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Prada SS00 campaignPhotography Robert Wyatt

Seven times fashion paid tribute to Dalí’s red lips sofa

Following the oral fixation that seems to be dominating the Paris SS18 shows, we explore all the odes to the surreal artist over the years

In 1936, Salvador Dalí was in London for the International Surrealist exhibition. At the time he was dead broke and signed a deal with Edward James, poet and furniture obsessive, promising a whole year’s worth of Dalí’s output go straight to James. Doing some redecorating, James asked Dalí to design and make him some furniture – and what was born was the first ever “Mae West” lip sofa.

Based on his earlier works, ‘Face of Mae West’, which saw the Hollywood actress’s facial features hung in different locations across a painting, this lip sofa was the first time the lips, detached from the face, had been used in such a standalone way. In 2017, we have lip emojis, lip kits, lip fillers, lip phone-cases: this symbol, which became somewhat synonymous with the unnerving, illogical, dreamlike output of surrealism’s super-reality, has become a reference point for many fashion designers that, despite fashion’s fickleness, has never gone out of style.

Surrealism’s influence on fashion was sparked by the genius Elsa Schiaparelli, who wasn’t referencing the movement but was, instead, in it. In constant collaboration with avant-garde artists such as Dalí and Jean Cocteau, Schiaparelli was fashion’s first, and perhaps only, true surrealist designer.

Over Paris Fashion Week, the surrealist lip motif seems to have appeared once again. Dancing across printed dresses and scarves at Dries Van Noten, big and bejewelled on a baby blue dress at Undercover or in gold at Clare Waight Keller’s Givenchy debut, there seems to be an underlying trend for odes to Dalí. Of course, these are not the first, and won’t be the last. Here, we look back at the times fashion’s greats paid lip-service to surrealist lips.


Schiaparelli was fashion’s answer to art, and perhaps her longest-lasting legacy is her lips. These lips, much like the Mae West sofa, found their way onto brooches, embroidered into dresses, as hat pins, as earrings, a prized motif across Schiaparelli’s body of work. Much like Dalí’s Mae West sofa, these lips changed the world: the surrealists bringing the erotic, the sexual, the strange, the mysterious from the world of art into wearable, or sit-able, manifestations. Hands on bras, lobsters or shoes as hats, ribs, spines and clavicles built into dresses, and bug bodies suspended onto necklaces: Schiaparelli’s oeuvre is one which would be groundbreaking even today.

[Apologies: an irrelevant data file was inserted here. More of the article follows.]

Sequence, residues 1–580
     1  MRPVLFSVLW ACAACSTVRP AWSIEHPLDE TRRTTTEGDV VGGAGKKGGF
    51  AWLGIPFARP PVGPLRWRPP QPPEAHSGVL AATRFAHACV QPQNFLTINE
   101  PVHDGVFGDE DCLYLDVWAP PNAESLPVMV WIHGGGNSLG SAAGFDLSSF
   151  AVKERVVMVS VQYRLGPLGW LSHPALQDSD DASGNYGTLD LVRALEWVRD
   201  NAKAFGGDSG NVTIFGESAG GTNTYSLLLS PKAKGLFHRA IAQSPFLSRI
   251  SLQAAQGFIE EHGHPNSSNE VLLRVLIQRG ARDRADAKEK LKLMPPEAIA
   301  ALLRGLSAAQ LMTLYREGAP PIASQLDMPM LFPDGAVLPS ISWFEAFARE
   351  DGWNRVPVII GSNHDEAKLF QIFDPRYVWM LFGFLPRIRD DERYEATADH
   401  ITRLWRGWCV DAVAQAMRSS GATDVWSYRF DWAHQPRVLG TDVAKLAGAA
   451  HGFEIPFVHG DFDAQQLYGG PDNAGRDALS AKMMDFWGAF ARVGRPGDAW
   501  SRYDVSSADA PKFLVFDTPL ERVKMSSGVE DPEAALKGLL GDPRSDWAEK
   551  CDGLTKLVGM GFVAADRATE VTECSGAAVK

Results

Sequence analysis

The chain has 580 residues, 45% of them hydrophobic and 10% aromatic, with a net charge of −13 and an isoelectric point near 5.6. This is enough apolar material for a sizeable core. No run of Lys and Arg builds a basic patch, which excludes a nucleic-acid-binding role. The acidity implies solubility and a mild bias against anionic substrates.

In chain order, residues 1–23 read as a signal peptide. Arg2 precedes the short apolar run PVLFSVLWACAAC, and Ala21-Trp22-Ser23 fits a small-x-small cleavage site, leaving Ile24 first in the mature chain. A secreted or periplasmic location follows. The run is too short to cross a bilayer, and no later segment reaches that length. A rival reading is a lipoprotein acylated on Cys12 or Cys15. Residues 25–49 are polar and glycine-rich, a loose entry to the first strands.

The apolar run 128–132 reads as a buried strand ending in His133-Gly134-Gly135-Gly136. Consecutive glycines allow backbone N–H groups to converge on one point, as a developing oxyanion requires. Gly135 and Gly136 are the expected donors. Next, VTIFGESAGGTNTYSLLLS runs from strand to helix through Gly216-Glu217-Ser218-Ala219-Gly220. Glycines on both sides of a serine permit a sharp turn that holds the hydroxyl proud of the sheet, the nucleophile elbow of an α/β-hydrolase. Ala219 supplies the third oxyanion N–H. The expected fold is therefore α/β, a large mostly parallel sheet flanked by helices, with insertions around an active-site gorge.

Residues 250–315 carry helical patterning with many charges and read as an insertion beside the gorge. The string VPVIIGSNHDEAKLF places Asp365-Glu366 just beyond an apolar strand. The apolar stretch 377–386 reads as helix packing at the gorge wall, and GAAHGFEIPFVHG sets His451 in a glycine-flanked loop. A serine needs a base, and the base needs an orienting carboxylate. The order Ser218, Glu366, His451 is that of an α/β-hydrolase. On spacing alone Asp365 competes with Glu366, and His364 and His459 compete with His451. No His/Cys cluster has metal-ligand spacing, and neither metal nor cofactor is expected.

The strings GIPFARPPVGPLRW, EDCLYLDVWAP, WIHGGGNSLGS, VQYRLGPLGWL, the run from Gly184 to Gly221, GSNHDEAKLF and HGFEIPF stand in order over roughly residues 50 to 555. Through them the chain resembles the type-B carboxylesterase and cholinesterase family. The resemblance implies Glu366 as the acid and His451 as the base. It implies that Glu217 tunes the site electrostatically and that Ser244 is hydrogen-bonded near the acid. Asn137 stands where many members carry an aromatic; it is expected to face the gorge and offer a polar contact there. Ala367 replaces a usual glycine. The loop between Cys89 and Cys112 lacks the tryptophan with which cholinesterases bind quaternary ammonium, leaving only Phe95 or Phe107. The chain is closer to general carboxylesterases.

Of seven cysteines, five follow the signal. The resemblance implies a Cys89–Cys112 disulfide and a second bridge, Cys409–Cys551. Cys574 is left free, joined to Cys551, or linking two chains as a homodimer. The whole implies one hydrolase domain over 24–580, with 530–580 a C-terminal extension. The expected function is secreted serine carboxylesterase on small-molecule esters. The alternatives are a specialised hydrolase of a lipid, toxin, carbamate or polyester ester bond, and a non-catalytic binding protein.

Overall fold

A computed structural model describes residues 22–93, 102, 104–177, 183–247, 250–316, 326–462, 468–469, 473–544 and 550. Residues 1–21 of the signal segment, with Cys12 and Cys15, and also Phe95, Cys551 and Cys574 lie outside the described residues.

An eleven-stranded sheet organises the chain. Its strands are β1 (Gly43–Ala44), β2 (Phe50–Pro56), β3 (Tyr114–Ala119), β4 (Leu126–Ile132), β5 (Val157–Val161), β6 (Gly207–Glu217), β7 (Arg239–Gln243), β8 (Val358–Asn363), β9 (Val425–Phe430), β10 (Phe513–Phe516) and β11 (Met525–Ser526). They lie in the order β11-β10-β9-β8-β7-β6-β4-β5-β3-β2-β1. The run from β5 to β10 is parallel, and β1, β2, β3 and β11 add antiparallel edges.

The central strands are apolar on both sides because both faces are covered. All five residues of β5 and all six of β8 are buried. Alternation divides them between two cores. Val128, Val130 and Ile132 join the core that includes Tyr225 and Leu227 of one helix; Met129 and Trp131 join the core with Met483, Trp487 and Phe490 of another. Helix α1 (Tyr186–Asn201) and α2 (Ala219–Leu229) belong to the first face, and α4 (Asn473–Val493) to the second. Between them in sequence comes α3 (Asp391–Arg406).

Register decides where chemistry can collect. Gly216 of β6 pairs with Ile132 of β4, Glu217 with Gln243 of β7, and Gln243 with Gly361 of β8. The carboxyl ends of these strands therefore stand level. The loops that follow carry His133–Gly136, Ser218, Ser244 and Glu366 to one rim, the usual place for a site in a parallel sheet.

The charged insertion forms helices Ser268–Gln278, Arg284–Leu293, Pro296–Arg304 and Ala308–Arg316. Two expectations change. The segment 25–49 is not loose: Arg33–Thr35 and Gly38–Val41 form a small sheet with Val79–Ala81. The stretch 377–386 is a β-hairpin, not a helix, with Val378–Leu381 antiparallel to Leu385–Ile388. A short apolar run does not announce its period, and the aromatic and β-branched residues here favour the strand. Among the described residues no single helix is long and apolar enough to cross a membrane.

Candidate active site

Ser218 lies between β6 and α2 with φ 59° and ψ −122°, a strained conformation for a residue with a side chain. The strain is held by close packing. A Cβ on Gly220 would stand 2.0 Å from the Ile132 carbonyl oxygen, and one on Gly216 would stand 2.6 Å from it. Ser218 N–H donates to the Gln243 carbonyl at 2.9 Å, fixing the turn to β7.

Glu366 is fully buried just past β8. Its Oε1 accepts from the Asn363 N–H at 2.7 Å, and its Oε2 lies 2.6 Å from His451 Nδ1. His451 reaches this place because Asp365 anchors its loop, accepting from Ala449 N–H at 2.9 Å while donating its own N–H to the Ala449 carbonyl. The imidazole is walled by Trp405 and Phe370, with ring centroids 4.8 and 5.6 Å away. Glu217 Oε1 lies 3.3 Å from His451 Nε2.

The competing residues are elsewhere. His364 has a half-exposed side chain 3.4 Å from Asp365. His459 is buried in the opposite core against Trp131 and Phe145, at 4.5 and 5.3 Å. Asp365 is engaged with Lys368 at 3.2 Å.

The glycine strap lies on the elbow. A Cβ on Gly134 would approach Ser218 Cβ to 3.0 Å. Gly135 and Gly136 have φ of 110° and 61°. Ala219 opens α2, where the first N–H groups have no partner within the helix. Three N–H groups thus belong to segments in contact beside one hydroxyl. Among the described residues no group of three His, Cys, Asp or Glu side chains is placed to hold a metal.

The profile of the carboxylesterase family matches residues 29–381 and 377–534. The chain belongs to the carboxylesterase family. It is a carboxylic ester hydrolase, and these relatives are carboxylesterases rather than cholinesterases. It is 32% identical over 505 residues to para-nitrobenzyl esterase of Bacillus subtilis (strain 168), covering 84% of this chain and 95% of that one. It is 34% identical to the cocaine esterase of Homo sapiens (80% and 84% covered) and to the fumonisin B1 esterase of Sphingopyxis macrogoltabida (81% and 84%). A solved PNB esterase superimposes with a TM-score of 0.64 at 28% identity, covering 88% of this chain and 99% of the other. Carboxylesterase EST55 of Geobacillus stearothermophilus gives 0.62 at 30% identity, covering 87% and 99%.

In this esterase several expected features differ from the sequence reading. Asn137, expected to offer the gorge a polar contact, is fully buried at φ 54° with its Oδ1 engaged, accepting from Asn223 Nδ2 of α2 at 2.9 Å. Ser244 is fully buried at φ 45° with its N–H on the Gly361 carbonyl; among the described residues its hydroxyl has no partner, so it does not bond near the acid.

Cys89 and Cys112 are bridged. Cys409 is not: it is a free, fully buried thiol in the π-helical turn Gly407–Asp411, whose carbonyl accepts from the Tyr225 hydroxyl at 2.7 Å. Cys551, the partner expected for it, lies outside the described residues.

A button down dress, appliquéd with beaded lips – some with, some without, the cigarette – was Yves’ way off continuing the legacy of a then-ailing Schiaparelli, who died two years later. They were great friends, and Schiaparelli would be cited as one of Yves’ greatest inspirations when he wrote the foreword for her biography. While images of the dress are just as hard to find as the actual garment, Saint Laurent revived the print for his final SS01 Haute Couture collection. 


In repeat patterns, on stark white fabric, lips appeared over and over again in Miuccia Prada’s SS00 collection. From pussybow shirts to pleated knee-length skirts and pedal pushers, the result was obviously painfully cool, with that perfect air of Prada awkwardness. From purple, to red and black and white, lips covered everything. And when there weren’t lips there were unsheathed red lipsticks. For the accompanying campaign, the lips were in action again with that couple appeared captured mid-argument. 


Known for his direct approach to sex appeal during his tenure at YSL, Tom Ford drew on the house’s archive, and Yves’ love of Schiaparelli, to bring you the lip shoe and bag. In oxblood – a Ford favourite – black and nude, they were a huge hit. Over his short tenure at the Parisian house, it ended up being one of the most recognisable motifs from his time there. 


One of Schiaparelli’s most famous headpieces is a bright red lip, with an unlit cigarette poking out of the corner of the mouth. For SS12, Prada took it a step further and lit the cigarette, a puff of grey smoke in patent leather drifting off the side – very much reminiscent of artist Tom Wesselmann’s work. This motif of lips smoking a cigarette was released in bright patent and added to the front of a stiletto, causing outrage among the tabloids, asking fashion to ‘stop glamourising smoking.’ Of course, the similarities between Prada and Schiaparelli didn’t go unnoticed, with The Met curating an exhibition in the same year – Schiaparelli & Prada: Impossible Conversations – dedicated to the two designers.


Like Ford, Hedi Slimane revisited the YSL archives when at the helm of Saint Laurent, with lips printed in red over a black dress in what became known as ‘the dress of the Summer’ that year. Appliquéd, ruby red beaded lips were stuck all over a pouffe sleeved one shoulder top, in true Slimane 80s style.


Alessandro Michele’s Gucci, while firmly grounded somewhere in the seventies, takes reference from surrealism. The famous Dalí x Schiaparelli pearl and ruby lip brooch was turned into giant earrings which dangled from a pearl for SS16. The downward facing grimace of the mouth is part of the surrealist charm: not obviously sexy but certainly magnetic.